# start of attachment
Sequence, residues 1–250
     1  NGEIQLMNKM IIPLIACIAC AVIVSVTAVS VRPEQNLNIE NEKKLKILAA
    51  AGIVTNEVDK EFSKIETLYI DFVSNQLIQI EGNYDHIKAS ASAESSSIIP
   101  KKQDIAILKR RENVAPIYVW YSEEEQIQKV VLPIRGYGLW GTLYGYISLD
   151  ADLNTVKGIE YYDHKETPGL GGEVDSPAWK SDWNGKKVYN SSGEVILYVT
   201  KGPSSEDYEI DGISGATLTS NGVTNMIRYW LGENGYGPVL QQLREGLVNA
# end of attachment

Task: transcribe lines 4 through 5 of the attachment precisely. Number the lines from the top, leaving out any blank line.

   101  KKQDIAILKR RENVAPIYVW YSEEEQIQKV VLPIRGYGLW GTLYGYISLD
   151  ADLNTVKGIE YYDHKETPGL GGEVDSPAWK SDWNGKKVYN SSGEVILYVT